When the second side has browned, remove from pan with a spatula and place on a plate covered in paper towels to absorb some of the oil. Continue cooking the rest of your potato pancakes this same way, adding more oil to the pan in between batches if necessary.
BBQ Country Style Ribs
?Country style ribs require long slow cooking and deserve to be cooked til the meat is nearly falling from the bone. You can do this in a slow cooker in about 6-8 hours, or you can go the oven route and get there in a shorter amount of time. Either way, the results should be delicious. The method is perfect for this cut of meat and the lemon slices on top help tenderize the meat while it cooks. You could use any BBQ sauce for this, or make your own, or just serve the ribs plain if you have picky kids in the house. They'll be yummy regardless. You can also cover the ribs with foil for the first 2 hours to keep them more moist. ??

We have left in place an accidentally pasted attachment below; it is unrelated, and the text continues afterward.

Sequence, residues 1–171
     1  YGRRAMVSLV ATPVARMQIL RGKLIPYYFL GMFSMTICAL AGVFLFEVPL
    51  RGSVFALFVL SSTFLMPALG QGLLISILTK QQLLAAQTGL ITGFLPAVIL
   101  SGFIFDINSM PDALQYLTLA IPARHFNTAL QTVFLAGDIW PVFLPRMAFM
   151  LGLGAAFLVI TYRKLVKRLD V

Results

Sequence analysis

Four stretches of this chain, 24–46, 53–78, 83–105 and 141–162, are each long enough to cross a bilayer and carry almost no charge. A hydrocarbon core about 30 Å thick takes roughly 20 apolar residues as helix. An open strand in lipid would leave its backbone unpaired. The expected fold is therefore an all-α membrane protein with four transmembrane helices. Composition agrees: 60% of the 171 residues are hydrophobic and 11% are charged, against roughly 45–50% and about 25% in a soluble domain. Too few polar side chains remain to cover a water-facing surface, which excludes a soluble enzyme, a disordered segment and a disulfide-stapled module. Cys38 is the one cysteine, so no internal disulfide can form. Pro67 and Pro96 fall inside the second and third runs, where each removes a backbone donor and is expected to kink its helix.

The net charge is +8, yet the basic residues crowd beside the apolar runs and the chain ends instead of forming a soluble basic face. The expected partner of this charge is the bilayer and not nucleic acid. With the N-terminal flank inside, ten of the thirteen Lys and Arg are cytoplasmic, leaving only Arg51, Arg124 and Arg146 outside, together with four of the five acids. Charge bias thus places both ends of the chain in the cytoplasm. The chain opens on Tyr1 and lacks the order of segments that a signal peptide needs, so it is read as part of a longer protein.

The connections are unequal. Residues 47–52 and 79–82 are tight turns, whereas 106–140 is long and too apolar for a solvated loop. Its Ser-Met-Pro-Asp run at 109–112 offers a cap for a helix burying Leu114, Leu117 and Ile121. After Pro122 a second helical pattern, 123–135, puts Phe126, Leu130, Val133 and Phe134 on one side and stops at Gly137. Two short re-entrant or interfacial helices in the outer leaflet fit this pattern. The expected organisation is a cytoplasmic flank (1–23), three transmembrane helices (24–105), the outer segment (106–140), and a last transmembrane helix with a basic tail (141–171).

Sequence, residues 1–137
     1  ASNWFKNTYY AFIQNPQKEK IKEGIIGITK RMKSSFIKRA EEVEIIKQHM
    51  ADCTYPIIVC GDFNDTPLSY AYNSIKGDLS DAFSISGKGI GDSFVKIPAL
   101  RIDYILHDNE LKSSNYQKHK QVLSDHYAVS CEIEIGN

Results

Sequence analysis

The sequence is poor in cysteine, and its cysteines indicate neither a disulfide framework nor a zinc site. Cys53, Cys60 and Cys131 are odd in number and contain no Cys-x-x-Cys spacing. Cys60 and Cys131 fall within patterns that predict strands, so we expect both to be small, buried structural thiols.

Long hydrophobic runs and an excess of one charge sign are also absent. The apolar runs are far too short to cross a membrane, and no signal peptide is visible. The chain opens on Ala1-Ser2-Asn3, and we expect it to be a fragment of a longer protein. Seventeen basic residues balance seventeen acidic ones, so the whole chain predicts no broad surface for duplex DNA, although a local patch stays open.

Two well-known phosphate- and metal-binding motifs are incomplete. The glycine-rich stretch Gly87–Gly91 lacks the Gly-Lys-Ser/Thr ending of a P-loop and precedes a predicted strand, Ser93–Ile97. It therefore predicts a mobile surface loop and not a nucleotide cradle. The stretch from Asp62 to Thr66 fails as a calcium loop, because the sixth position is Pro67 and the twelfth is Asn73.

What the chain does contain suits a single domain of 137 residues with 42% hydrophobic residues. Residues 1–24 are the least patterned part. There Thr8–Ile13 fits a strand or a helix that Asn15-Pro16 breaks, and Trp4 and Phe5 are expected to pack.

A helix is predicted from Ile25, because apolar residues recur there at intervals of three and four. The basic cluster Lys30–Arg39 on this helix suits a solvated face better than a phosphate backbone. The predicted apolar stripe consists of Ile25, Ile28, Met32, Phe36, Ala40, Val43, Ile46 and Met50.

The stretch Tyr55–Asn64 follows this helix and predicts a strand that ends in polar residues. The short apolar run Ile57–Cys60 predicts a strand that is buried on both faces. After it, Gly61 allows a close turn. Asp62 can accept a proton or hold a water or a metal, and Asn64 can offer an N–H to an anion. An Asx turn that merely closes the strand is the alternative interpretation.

10 country style pork ribs
?2 teaspoons minced garlic
?1 lemon, thinly sliced?
1 (18 ounce) bottle barbeque sauce??
Preheat oven to 250 degrees F (120 degrees C).?
In a shallow baking pan or roaster, place ribs in a single layer; salt if desired. Spread the garlic on the ribs, then place the lemon slices on top. Bake in a preheated oven for 2 hours - the ribs should be tender. Drain any grease and liquid. Pour BBQ sauce over the ribs. Return to oven and bake one more hour at 200 to 250 degrees F.